Can Pregnant Employees Be Forced To Take Leave?

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Can Pregnant Employees Be Forced To Take Leave?

Can Pregnant Employees Be Forced To Take Leave?

What women need to know about their rights related to pregnancy and work

Although women have been in the workforce for several decades now, laws governing pregnancy in the workplace are still evolving.

While pregnant workers are afforded some protection from discrimination and other unlawful treatment, these measures come in the form of a patchwork of laws and regulations that may be difficult to navigate.

That’s why it’s especially important for women to know what they are entitled to at work in relation to pregnancy.

Let’s take a look at a case in which a company subjected a woman to potentially unlawful treatment after learning of her pregnancy. Then we’ll discuss how the issues in this case may apply to other female employees.

Gossip About Worker’s Condition

At the Shipley Do-Nuts franchise in Texas where Brooke Foley worked, the rumor mill was abuzz — and the news was all about Foley. The scoop that everyone was whispering about: Foley was pregnant.

The gossip reached Foley’s boss quickly.

After hearing the news, the supervisor called an impromptu meeting with Foley and two of her coworkers. Foley was asked several intrusive personal questions, including whether or not she was pregnant. She refused to answer.

The supervisor told Foley that she would have to go on unpaid leave until she brought in a doctor’s note stating that it was safe for her to work. Foley was removed from the schedule.

She went home and discussed the issue with her mother. After doing some research, they came to the conclusion that the company wasn’t legally allowed to ask for such documentation.

Foley refused to bring in the doctor’s note. Several days later she was fired for not showing up for work, even though her name had been deleted from the schedule.

Foley complained to the Equal Employment Opportunity Commission (EEOC), which sued on her behalf.

The EEOC alleged that the company violated the Pregnancy Discrimination Act (PDA) by requiring Foley to prove that she was capable of working while allegedly pregnant.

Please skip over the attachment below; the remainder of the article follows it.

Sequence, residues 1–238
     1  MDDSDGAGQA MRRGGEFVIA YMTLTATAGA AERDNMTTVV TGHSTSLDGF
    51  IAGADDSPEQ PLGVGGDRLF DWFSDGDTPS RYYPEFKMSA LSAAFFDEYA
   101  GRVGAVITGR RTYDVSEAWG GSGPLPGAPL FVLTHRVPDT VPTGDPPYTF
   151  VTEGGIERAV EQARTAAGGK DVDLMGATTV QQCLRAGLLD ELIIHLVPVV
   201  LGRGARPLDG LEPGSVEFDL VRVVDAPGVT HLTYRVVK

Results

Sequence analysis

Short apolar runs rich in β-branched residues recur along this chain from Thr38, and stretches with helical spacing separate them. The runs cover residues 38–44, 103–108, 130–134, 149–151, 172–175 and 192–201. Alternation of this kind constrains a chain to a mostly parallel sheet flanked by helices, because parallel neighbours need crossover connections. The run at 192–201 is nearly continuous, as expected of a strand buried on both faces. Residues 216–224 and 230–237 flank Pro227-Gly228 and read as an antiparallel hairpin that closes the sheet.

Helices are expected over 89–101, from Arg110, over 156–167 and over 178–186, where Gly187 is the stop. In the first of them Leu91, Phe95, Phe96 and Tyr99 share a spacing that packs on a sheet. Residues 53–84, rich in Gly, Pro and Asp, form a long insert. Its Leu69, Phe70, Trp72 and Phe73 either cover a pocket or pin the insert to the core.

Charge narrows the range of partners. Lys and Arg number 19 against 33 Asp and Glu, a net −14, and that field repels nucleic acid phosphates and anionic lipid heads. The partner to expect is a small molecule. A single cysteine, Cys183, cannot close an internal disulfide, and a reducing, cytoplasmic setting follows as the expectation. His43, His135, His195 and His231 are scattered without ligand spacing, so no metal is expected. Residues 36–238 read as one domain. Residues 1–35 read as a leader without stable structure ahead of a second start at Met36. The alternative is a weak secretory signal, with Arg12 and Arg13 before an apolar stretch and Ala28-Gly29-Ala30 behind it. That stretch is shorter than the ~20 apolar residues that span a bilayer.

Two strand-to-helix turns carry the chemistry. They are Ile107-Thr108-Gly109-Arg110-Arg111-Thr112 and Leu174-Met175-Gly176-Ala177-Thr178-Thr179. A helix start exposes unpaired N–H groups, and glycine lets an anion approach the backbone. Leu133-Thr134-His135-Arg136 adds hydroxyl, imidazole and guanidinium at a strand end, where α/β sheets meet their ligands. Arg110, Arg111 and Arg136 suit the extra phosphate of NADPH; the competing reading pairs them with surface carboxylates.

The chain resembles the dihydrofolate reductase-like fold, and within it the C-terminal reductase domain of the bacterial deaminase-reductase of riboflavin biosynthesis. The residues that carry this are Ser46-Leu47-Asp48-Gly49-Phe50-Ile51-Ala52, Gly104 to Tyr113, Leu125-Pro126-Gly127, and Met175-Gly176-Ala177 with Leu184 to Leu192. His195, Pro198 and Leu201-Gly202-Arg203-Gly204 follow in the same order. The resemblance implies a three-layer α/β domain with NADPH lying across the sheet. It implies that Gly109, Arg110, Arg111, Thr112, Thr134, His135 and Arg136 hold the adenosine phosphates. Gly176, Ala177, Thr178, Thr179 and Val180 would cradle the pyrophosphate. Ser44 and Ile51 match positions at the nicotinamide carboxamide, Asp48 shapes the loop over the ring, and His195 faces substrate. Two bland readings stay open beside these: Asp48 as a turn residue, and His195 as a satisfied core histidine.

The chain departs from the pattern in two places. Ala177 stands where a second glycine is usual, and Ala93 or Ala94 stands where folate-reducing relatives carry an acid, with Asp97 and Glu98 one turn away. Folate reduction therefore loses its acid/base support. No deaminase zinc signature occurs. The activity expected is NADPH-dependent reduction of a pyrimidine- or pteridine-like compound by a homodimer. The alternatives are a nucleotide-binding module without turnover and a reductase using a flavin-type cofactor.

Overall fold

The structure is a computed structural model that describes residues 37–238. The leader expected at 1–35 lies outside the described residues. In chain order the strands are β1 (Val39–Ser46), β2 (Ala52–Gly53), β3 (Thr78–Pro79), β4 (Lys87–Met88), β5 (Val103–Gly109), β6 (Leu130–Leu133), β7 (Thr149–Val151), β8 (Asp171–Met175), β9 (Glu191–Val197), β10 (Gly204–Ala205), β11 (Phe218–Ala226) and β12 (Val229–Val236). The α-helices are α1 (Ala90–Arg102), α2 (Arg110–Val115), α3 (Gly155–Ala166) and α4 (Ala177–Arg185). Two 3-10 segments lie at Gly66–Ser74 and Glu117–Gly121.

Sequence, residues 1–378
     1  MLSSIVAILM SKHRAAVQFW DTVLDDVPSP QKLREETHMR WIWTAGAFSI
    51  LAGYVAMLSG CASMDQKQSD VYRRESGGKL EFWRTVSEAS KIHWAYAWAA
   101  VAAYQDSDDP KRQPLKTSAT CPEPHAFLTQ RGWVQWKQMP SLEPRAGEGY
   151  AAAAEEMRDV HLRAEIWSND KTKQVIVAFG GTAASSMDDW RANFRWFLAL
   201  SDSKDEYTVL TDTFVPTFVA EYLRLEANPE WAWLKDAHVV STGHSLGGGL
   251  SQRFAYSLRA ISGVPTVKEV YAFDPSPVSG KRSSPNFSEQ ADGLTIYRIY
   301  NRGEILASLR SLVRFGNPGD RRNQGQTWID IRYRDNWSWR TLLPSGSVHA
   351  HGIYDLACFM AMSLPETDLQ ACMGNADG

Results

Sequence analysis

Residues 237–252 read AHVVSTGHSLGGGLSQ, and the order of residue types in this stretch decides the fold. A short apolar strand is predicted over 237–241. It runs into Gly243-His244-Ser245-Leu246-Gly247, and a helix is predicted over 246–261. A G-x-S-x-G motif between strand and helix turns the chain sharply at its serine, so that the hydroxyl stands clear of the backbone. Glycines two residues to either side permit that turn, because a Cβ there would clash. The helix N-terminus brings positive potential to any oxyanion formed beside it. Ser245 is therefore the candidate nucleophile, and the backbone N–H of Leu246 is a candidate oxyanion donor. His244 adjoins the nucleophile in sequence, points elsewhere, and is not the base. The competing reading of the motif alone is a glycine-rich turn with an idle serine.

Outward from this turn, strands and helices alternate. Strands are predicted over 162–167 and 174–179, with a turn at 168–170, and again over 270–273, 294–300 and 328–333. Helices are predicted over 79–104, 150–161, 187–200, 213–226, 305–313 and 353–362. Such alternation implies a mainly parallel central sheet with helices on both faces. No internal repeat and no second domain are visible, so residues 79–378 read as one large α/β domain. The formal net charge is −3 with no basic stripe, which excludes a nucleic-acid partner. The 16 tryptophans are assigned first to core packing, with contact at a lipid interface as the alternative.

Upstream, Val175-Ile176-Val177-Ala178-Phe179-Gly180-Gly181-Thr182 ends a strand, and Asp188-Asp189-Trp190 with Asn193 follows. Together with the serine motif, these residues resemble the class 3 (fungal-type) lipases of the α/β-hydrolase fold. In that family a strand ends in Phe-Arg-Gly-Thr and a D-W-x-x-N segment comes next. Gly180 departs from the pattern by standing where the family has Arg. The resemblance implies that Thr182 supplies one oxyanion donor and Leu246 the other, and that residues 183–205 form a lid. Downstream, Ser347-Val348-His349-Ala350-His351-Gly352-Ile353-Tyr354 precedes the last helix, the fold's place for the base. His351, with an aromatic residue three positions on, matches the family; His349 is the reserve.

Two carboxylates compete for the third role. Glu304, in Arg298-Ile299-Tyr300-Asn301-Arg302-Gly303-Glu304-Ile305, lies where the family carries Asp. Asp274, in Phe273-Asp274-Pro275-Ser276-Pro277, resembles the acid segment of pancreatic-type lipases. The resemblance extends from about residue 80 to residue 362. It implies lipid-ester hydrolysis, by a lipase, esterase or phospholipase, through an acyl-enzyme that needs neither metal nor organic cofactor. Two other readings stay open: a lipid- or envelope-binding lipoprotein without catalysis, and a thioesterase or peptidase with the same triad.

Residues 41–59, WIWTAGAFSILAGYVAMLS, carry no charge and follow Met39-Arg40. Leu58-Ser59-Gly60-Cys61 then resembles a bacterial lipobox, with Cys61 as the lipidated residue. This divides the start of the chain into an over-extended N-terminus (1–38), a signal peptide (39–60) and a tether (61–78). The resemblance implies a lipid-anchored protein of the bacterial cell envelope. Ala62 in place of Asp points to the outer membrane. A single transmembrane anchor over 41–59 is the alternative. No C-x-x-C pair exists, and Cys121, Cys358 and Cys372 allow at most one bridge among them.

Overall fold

At first, the company attempted to fight the case. However, after nearly a year of legal proceedings, it ultimately decided to settle rather than attempt to defend its actions in court. Shipley Do-Nuts agreed to pay a $45,000 settlement to Foley.

(The case discussed here is EEOC v. Shipley Do-Nuts.)

What the Pregnancy Discrimination Act Says

The PDA states that companies may not require pregnant women, or women suspected of being pregnant, to provide medical documentation that wouldn’t normally be required of other similarly-situated employees.

For example, as in the above case, employers generally may not require pregnant employees to prove that they’re able to continue working. However, if a company would normally require staffers to submit medical documentation before taking sick leave, then pregnant women would have to adhere to that rule as well.

As long as pregnant women can perform the essential tasks of their positions, they generally may not be forced to take leave, according to the PDA. If a woman has to take off due to a pregnancy-related condition and recovers, her employer may not force her to remain on leave.

The PDA also states that companies may not discriminate against employees on the basis of pregnancy, childbirth, or related medical conditions. That pertains to:

  • Hiring
  • Firing
  • Promotions
  • Raises
  • Layoffs
  • Training
  • Fringe benefits
  • Job assignments

Protection From Other Laws



Of course, some women may have physically demanding jobs that they are unable to perform while pregnant, or they may work in environments that could be harmful to them or their unborn children.

While pregnancy itself is not considered a disability under federal law, changes to the Americans with Disabilities Act (ADA) make it easier for temporary conditions to qualify for ADA protection.

That means that some pregnant women may be entitled to job accommodations to allow them to continue to work while pregnant.

However, it’s important to know that issues surrounding disabilities or temporary disabilities are determined on a case-by-case basis under the law.

Plus, accommodations for temporary disabilities may be dependent on employers’ policies for accommodating temporary disabilities other than pregnancy.

The upshot: Every woman’s circumstance is different, and requires careful consideration of all the factors involved.

Contact Us For a Consultation Now

As we stated above, navigating the complex framework of laws that pertain to pregnancy can be complicated.

If you feel that you’ve been subjected to unlawful pregnancy discrimination, it’s always a good idea to speak to an experienced employment law attorney. That way, you can get a better understanding of how the various laws apply to your circumstances.

Call or email us today to discuss your unique situation.

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